Using the Yongnuo YN685 TTL Flash as an Off-Camera Flash

The Yongnuo YN685 TTL flash works much the same as many other flashes, but there are some quirks to using it, especially wirelessly. Here are some tips.

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Filed Under: Speedlights
Topics: Yongnuo

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Radio-controlled flash is a wonderful thing, but the way it has been implemented is often infuriating. Every flash seems to need a different transmitter system, and even flashes in the same brand don’t necessarily work with all of that brand’s transmitters. It’s something companies like Godox are trying to do something about, but for now it’s a little like the Wild West. Unfortunately, that means it’s not quite as simple as picking up any flash and transmitter and launching right into some off-camera flash shooting.

One of the most popular budget brands for flashes is Yongnuo. And for good reason–they make good, capable flashes that sell for a fraction of the price of the ones from the big name manufacturers. The YN560-IV manual flash is perhaps the most popular–and I have several of them. But while they have built-in radio receivers, they don’t have TTL or high-speed sync. If you’re looking for those features, you might want to step up to the Yongnuo YN685 Speedlite.

In many ways, the YN685 does what many other flashes do. But there are some quirks to using it, especially when using it wirelessly. It also does some things different from other Yongnuo flashes, including the popular YN560-IV, so it’s not entirely intuitive even if you’re stepping up from other Yongnuo flashes.

So I’ve put together some tips for working with the Yongnuo YN685 Speedlite. Because as much as I like Yongnuo flashes, clear instruction manuals are definitely not among their strong suits.

But let me say up front that this is by no means intended as a comprehensive guide to using the YN685. I’m not so much interested in the straightforward aspects that work basically like any other flash. What I’m focusing on here are some of the quirks and gotchas that I’ve come across in the hope that by sharing them it might save someone else a little time solving the problem or the aggravation of trying to find features the flash doesn’t have. Because the YN685 is a good flash, but it’s just not always as intuitive to use as it could be.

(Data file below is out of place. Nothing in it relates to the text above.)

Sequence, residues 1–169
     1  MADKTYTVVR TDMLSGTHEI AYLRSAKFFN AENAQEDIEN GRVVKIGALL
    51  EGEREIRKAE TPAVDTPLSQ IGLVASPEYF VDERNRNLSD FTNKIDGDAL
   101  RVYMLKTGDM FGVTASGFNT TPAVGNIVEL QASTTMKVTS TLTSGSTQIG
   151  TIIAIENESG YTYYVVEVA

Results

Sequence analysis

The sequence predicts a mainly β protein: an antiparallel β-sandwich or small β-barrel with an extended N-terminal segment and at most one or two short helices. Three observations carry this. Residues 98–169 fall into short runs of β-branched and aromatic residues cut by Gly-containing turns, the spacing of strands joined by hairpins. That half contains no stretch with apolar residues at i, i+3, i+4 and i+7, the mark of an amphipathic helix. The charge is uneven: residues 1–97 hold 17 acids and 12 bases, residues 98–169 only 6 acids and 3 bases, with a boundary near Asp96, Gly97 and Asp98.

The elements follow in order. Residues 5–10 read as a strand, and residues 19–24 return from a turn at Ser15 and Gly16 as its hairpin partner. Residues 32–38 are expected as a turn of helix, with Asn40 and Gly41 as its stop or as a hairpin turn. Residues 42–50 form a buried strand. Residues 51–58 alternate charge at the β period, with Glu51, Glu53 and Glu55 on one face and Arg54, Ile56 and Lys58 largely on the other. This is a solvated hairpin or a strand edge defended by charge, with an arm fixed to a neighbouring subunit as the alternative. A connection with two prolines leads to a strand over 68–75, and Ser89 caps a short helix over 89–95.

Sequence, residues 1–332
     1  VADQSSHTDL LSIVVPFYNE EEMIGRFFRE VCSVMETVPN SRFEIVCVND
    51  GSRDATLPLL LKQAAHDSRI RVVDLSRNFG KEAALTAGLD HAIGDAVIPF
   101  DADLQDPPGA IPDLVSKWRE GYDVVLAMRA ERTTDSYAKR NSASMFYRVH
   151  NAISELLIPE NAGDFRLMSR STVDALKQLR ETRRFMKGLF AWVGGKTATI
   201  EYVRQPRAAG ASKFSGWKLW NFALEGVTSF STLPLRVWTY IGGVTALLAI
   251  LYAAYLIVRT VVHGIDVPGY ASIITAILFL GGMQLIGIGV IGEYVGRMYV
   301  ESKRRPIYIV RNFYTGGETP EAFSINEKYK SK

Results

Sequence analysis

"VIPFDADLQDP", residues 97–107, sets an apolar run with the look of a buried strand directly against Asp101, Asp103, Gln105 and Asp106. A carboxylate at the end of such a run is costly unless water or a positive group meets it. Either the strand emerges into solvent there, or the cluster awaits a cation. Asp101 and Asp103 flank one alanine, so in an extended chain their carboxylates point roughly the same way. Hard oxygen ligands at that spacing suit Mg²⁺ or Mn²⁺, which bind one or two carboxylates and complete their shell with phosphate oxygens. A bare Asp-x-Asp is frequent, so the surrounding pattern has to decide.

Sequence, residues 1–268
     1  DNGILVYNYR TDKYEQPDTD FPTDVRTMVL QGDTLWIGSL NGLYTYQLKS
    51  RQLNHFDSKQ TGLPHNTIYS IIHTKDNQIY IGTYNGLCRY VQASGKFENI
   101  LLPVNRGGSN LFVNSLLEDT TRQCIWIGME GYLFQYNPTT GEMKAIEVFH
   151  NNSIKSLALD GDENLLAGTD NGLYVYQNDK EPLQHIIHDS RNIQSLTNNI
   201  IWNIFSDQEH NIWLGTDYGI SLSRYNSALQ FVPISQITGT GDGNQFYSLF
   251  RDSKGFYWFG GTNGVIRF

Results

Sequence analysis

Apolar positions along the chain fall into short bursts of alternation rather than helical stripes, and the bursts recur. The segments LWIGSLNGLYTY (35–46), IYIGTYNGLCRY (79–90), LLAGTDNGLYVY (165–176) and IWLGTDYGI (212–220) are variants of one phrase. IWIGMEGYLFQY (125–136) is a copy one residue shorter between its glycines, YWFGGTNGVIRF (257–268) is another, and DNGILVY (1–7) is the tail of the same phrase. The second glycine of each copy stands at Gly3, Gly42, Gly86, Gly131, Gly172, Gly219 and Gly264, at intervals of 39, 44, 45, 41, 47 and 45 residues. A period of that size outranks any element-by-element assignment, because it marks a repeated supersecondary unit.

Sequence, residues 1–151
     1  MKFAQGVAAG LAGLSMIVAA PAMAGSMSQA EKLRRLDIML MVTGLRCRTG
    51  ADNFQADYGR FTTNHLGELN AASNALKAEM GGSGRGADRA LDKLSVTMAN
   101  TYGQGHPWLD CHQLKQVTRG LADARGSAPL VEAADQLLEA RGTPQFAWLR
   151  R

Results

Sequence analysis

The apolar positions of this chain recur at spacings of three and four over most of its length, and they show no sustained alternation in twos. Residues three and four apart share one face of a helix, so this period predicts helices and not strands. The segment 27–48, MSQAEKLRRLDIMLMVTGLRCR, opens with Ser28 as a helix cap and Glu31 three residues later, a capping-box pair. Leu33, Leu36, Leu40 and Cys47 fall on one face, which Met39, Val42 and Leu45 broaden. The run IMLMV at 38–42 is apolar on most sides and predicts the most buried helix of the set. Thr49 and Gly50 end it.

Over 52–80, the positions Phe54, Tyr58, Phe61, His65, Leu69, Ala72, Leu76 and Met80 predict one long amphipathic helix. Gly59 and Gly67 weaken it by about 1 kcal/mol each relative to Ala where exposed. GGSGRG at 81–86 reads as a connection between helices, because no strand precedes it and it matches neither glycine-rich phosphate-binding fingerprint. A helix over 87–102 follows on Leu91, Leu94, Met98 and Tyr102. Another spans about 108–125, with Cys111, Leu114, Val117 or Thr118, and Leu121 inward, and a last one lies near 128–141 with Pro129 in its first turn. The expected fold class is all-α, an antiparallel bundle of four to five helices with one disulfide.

Yongnuo YN685 Features

First, what it has:

Built-in 2.4 GHz Radio Receiver for Wireless

According to the manual, it can be triggered wirelessly by these model numbers: YN-622N, YN622N II, YN622N-TX, YN660, YN560-TX, RF605, RF603II, and RF603.

I’ve only used it with the YN622N-TX and YN560-TX II transmitters. With those combinations, there are some things to know and watch out for–there’s more on that below. Your mileage might vary with different transmitters.

TTL Compatibility

You can use TTL on-camera and off-camera (with a compatible controller).

High-speed Sync (HSS)

With a compatible camera and transmitter, it’s capable of high-speed sync up to 1/8000 second.

Firmware update

You can download firmware updates from the Yongnuo website and apply them to the flash.

What the Yongnuo YN685 Doesn’t Have

  • Optical slave mode. There’s no optical sensor, so you can’t trigger this flash wirelessly using the light from another flash.
  • Master unit. You can’t use this as a master controller.

Quirks of the Yongnuo 685 with the YN622N-TX Wireless Setup

If you’re using the YN622N-TX, there are some things to watch for.

622 R. Slave Trigger Mode. Put the flash into 622 R. Slave mode by holding down to the Mode button until the mode is flashing and then using the wheel to scroll through the options.

That’s unnecessarily confusing, because on most other flashes, including others by Yongnuo, slave mode refers to optical slave mode where the flash is triggered when it sees the flash of light from another flash unit. But the 685 doesn’t have an optical slave mode, and in this case the 622 R. Slave setting is actually referring to putting the flash into wireless receiver mode. Even more confusing, the instruction manual refers to this as “Remote Control Mode.” It would be much clearer if they just dropped the use of “slave” here and called it 622 Receiver or 622 Remote mode.